Reusable rocket landed successfully by Blue Origin

A fully reusable rocket has been landed successfully for the first time, by Blue Origin, the space startup owned by Amazon.com founder CEO Jeff Bezos.

New Shepherd suborbital vehicle beats SpaceX's Falcon 9 in reusable rocket race

Blue Origin's rocket landed just 1.4 metres from the centre of the launch pad during a flight on Monday, founder Jeff Bezos said. (Blue Origin/YouTube)

A fully reusable rocket has been landed successfully for the first time, by Blue Origin, the space startup owned by Amazon.com founder CEO Jeff Bezos.

The New Shepard suborbital space vehicle launched successfully to an altitude of 100.5 kilometres Monday morning. It deployed a crew capsule designed to carry six people before returning to Earth and touching back down on its launch pad in West Texas, Blue Origin announced Tuesday.

"Now safely tucked away at our launch site in West Texas is the rarest of beasts — a used rocket," Bezos said in a news release. "Full reuse is a game changer, and we can't wait to fuel up and fly again."

Bezos also shared the news in the only tweet on the Twitter account he set up in 2008.

The rocket landed just 1.4 metres from the centre of the launch pad, Bezos said.

A video shows the rocket dropping down and nearly stopping and hovering in the air about a rocket length above the landing pad as it deployed its landing gear, before tilting and descending slowly onto the launch pad in a voluminous cloud of brown dust.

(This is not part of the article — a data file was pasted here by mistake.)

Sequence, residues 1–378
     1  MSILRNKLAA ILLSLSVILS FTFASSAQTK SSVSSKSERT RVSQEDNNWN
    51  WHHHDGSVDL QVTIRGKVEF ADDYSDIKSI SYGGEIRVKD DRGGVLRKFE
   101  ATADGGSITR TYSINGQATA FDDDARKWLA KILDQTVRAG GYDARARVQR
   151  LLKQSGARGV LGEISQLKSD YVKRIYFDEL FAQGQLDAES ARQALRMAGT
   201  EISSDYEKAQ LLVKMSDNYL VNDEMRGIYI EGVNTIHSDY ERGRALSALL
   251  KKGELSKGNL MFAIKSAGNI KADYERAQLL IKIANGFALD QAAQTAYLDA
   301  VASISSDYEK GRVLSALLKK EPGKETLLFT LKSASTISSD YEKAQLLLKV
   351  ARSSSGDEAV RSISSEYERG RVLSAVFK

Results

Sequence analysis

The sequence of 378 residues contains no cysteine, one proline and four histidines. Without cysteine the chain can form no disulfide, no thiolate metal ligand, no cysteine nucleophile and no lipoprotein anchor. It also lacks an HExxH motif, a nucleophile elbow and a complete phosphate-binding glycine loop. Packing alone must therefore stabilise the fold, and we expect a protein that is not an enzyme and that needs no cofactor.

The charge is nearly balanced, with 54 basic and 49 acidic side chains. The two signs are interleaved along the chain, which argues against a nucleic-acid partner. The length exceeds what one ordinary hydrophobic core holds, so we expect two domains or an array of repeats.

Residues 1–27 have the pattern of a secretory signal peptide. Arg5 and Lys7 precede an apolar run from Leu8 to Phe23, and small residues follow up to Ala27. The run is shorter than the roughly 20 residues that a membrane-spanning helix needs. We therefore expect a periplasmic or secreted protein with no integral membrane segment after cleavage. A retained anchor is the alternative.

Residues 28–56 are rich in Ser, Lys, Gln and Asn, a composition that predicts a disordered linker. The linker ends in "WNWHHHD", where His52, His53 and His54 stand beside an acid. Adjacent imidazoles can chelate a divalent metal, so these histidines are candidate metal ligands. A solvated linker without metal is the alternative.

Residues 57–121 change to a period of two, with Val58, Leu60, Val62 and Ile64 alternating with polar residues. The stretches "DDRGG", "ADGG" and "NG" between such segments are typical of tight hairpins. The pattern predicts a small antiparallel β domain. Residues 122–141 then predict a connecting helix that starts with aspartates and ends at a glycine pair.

"Welcome back, New Shepard," says a man's voice in the video.

The unmanned crew capsule landed separately using parachutes.

The New Shepard suborbital space vehicle launched successfully to an altitude of 100.5 kilometres Monday morning. It deployed a crew capsule designed to carry six people before returning to Earth and landing back on its launch pad in West Texas, Blue Origin announced Tuesday. (Blue Origin)

The New Shepard is named after Alan Shepard, the first American in space.

Blue Origin isn't the only company trying to build a reusable rocket – a development that could potentially save millions or even tens of millions of dollars per launch.

SpaceX has also made several attempts to land a reusable version of its Falcon 9 rocket on an ocean platform in the past year. During the most recent attempt in April, the rocket touched down successfully, then toppled over and exploded.

Unlike Blue Origin, which is only flying to suborbital space, SpaceX has been using its rockets to launch cargo to the space station – about four times higher than Blue Origin is flying.

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